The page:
Viva Vienna kicks off Vienna theme at Mass MoCA
by Seth Rogovoy

(NORTH ADAMS, Mass., May 26, 2002) – The Hunter Center at Mass MoCA was turned into Club Vienna on Saturday night, when the cultural laboratory kicked off its main summer exhibition, “Uncommon Denominator: New Art from Vienna,” with a multi-faceted, multi-media dance party.

Perhaps the signature moment of the evening was the very first, when downtown’s avant-garde jazz band Sex Mob opened the evening with its wry tribute to that Viennese staple, the waltz, in a deconstructed, demented version of Johann Strauss’s “Blue Danube.”

In typical Sex Mob style, the piece began with fidelity, with the New York-based quartet, augmented by Viennese saxophonist Max Nagl, playing one of classical music’s greatest hits the way most people know it.

That is, until they stopped playing it that way. Soon enough, the piece morphed into Sex Mob territory. The band -- comprised of leader Steven Bernstein on slide trumpet, Briggan Krauss on saxophone, Tony Scherr on acoustic bass and Kenny Wolleson n drums – did its best to keep the waltz beat going, if only for the sake of the many stalwarts on the dance floor who took the imperative to waltz seriously. And the harmonic underpinning of the piece also remained loyal to Strauss’s composition.

But this was “The Blue Danube,” Sex Mob-style, so the musicians took turns improvising solos over the basic rhythmic and harmonic foundation of the tune. Saxophonist Krauss used his turn to shred the melody into a thousand pieces, with Bernstein playing syncopated pickups behind him. Bernstein used his turn to take the Viennese waltz to New Orleans for a second-line funeral march. Nagl blew a brighter, sunnier solo over a rhythm by Wolleson that combined the waltz and funk.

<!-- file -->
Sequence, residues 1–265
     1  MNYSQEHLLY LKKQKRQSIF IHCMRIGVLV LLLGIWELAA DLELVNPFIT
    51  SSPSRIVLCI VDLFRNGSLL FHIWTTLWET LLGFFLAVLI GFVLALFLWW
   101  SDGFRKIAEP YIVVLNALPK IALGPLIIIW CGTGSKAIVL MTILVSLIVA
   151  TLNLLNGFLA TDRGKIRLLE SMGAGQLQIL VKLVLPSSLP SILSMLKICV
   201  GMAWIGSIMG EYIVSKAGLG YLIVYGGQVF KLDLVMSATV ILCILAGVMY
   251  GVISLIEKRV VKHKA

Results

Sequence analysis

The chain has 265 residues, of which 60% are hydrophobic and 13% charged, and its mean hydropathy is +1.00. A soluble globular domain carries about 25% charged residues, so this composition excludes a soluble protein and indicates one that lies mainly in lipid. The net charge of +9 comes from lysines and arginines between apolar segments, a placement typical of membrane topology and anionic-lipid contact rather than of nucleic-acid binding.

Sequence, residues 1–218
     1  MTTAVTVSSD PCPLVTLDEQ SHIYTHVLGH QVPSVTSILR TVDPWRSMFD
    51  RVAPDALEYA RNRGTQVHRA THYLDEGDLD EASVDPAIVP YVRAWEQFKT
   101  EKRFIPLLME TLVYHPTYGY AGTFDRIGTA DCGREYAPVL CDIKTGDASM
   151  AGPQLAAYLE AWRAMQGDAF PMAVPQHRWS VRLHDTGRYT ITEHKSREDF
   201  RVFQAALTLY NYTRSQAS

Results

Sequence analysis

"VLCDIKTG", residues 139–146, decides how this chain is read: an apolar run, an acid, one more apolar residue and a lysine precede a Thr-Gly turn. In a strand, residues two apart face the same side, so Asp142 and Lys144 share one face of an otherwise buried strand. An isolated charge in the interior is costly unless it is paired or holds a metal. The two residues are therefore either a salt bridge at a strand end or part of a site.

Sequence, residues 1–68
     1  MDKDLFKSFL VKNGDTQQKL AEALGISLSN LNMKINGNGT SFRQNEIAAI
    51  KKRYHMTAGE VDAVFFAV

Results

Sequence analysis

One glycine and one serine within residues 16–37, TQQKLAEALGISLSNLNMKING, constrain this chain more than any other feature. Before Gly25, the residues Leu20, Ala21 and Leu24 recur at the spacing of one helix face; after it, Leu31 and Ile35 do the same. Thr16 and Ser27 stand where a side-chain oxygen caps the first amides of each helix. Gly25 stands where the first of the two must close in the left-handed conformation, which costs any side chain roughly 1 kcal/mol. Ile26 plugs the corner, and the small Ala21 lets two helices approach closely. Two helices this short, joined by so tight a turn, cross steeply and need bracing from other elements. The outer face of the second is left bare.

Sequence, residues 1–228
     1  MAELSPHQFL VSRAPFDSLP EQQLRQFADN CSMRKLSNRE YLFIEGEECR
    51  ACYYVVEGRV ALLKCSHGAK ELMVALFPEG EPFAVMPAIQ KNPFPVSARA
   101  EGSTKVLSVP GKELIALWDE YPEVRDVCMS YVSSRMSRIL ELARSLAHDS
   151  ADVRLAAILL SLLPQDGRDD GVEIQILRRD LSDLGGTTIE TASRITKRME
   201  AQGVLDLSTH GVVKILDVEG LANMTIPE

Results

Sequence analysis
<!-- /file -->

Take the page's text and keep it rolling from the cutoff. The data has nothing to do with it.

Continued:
Sex Mob revisited the waltz several times during its set – including a waltz version of Leadbelly’s “Goodnight, Irene” -- which included more typical Sex Mob fare such as James Bond movie music and jazzy versions of pop and rock tunes including Stephen Stills’s “For What It’s Worth.” The musicians were great, if a little lost on the enormous stage of the Hunter Center, where they seemed disconnected from the audience, if not each other.

The DJ/VJ collaborative Blow Up! brought the evening to a close with its site-specific “Blow Up! Vienna” program. Seated onstage behind an array of computer terminals and turntables, the video artists from MVD and sonic collagists from Swipe mixed stock imagery, including newsreel footage and commercial television, with tailor-made shots from “Uncommon Denominator” and local scenery atop the relentless rhythms of contemporary dance-club music.

The video footage was sent to huge screens and TV monitors all around the room, and dancers gamely kept boogieing for several hours to the somewhat monotonous, indistinguished beats. Other than the images from MoCA’s art show, it wasn’t manifestly clear what any of this had to do with contemporary Vienna, other than apparently the fact that this is the sort of nightclub scene one is likely to find there: cold, mechanistic, robotic and devoid of emotion.

[This review originally appeared in the Berkshire Eagle on May 28, 2002. Copyright Seth Rogovoy 2002. All rights reserved.]

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